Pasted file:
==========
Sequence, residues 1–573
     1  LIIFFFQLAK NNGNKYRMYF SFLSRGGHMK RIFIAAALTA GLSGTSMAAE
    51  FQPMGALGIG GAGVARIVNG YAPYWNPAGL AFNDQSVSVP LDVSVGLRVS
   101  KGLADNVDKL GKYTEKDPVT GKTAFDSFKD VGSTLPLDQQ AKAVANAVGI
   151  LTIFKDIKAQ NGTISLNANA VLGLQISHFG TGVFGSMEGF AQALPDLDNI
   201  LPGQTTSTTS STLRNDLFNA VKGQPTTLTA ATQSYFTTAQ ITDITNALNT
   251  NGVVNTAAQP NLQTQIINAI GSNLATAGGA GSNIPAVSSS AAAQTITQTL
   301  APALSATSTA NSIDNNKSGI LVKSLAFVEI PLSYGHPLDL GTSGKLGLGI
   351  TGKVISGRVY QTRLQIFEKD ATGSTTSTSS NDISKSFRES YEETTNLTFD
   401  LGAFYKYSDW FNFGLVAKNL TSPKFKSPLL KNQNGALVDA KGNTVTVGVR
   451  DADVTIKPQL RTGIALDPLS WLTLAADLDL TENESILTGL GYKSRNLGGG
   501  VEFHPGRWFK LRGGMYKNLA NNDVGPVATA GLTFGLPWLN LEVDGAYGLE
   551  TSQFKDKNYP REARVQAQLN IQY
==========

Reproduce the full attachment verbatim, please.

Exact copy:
Sequence, residues 1–573
     1  LIIFFFQLAK NNGNKYRMYF SFLSRGGHMK RIFIAAALTA GLSGTSMAAE
    51  FQPMGALGIG GAGVARIVNG YAPYWNPAGL AFNDQSVSVP LDVSVGLRVS
   101  KGLADNVDKL GKYTEKDPVT GKTAFDSFKD VGSTLPLDQQ AKAVANAVGI
   151  LTIFKDIKAQ NGTISLNANA VLGLQISHFG TGVFGSMEGF AQALPDLDNI
   201  LPGQTTSTTS STLRNDLFNA VKGQPTTLTA ATQSYFTTAQ ITDITNALNT
   251  NGVVNTAAQP NLQTQIINAI GSNLATAGGA GSNIPAVSSS AAAQTITQTL
   301  APALSATSTA NSIDNNKSGI LVKSLAFVEI PLSYGHPLDL GTSGKLGLGI
   351  TGKVISGRVY QTRLQIFEKD ATGSTTSTSS NDISKSFRES YEETTNLTFD
   401  LGAFYKYSDW FNFGLVAKNL TSPKFKSPLL KNQNGALVDA KGNTVTVGVR
   451  DADVTIKPQL RTGIALDPLS WLTLAADLDL TENESILTGL GYKSRNLGGG
   501  VEFHPGRWFK LRGGMYKNLA NNDVGPVATA GLTFGLPWLN LEVDGAYGLE
   551  TSQFKDKNYP REARVQAQLN IQY